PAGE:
Clarinetist Nat Seelen noticed a trend among his colleagues in the Boston Jewish music world: They all had a lot of new music they’d written during the pandemic, but concert bookings and tours had not returned to their pre-COVID levels.
So Seelen is trying to reconnect musicians with audiences with the launch of the monthly Boston Festival of New Jewish Music, for which he serves as artistic director. This series of free concerts takes place at The Boston Synagogue in the West End, once Boston’s most vibrant Jewish neighborhood.
“It used to be that a festival would be about bringing people from New York or Berlin or Tel Aviv to Boston,” says Seelen, while taking a break from practicing and changing his 1-year-old’s diapers in his Newton home. “But we have Boston musicians who tour to all of those places. And right now, since folks aren’t touring a lot, the idea is to have them all play here and show what they’ve been working on.”
One such artist is Yaeko Miranda Elmaleh, the hotshot violinist in the Klezmer Conservatory Band, who will be debuting material Wednesday that focuses on her singing and songwriting.
Other concerts in the series will draw from a range of styles, languages, and performance concepts. A night of new Yiddish song (Jan. 19) will feature newly composed songs in the once-endangered Eastern European language, while Naftule’s Dream (Feb. 23) will celebrate 25 years of giving klezmer an avant-garde twist. Sarah Aroeste (April 27) is one of the foremost artists making music in Ladino, the Sephardic Jewish tongue. In addition to singing, Aroeste will be cooking food inspired by her family’s roots in Macedonia and Greece. Personal identity will also be front and center for multi-instrumental virtuoso Yoni Battat (May 25), whose new album “Fragments” explores his Iraqi-Jewish background with lyrics in Arabic, Hebrew, and English.
Seelen says he doesn’t care if the performers are Jewish. “What is important is that this is music that is coming from, and engaging with, Jewish culture and tradition. Great art comes with having something to engage with, and what comes out of it can be anything. And the audiences don’t have to be Jewish any more than you have to be from the South Bronx to like hip-hop or Puerto Rico to like reggaeton. This is music that is from somewhere very specific, but it’s for anyone.”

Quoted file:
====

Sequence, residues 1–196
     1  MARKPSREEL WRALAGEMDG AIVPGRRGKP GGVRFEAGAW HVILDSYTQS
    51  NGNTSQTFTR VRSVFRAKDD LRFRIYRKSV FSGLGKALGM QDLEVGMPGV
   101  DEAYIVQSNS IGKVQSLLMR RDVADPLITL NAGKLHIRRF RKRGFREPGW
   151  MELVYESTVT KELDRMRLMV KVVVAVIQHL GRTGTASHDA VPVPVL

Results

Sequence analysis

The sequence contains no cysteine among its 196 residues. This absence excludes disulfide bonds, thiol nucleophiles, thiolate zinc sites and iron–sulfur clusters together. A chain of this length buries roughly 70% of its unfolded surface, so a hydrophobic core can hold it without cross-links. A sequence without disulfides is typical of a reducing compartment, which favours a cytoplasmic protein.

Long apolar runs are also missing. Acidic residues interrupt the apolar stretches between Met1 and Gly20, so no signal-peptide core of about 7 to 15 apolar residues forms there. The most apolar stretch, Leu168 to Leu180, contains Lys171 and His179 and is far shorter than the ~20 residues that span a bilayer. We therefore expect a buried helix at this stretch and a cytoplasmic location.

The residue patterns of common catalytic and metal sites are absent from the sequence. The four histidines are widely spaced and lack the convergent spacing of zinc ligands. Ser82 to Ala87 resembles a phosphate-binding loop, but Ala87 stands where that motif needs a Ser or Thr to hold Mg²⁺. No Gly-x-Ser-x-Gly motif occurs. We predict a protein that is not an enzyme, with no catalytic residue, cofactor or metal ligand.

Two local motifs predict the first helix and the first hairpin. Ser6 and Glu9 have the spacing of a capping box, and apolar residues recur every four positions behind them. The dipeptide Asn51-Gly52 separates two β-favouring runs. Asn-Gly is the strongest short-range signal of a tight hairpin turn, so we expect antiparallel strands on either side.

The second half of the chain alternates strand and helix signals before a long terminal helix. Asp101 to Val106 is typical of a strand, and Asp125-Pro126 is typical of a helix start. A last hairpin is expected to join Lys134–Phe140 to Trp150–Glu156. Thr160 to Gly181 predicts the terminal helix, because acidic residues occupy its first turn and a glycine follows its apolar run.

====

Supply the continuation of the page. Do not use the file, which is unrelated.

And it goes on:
The series had been a dream of Seelen’s long before COVID hit. Some local Jewish institutions were interested in an annual concert, but The Boston Synagogue chair Susan Schreiner offered not just the space to have monthly concerts, but also the technology and support to webcast the shows. “We’re trying to make the shows as accessible as possible,” says Seelen. “So not only are they free, but if someone isn’t comfortable attending in person, or isn’t in Boston, they can see the webcast.” The Jewish Arts Collaborative (JArts), which programs everything from gallery exhibitions to cooking lessons, came onboard as a co-sponsor of the series.
Seelen’s klezmer group Ezekiel’s Wheels is preparing for a pair of Hanukkah-season concerts for Global Arts Live at the Crystal Ballroom at the Somerville Theater Dec. 5. The clarinetist will be finishing the first season of the New Jewish Music Festival on June 22 with “The Wedding | Di Khassene,” a song cycle built around interviews he did with seniors who were isolated during the pandemic. He hopes the series will grow to allow artists to do regional mini-tours of their new works. “Hopefully this can be a self-sustaining incubator of culture and new art here in Boston.”
All concerts take place at 7 p.m. at The Boston Synagogue, 55 Martha Road. Free in person and online. For details, go to jartsboston.org/event_series/boston-festival-of-new-jewish-music.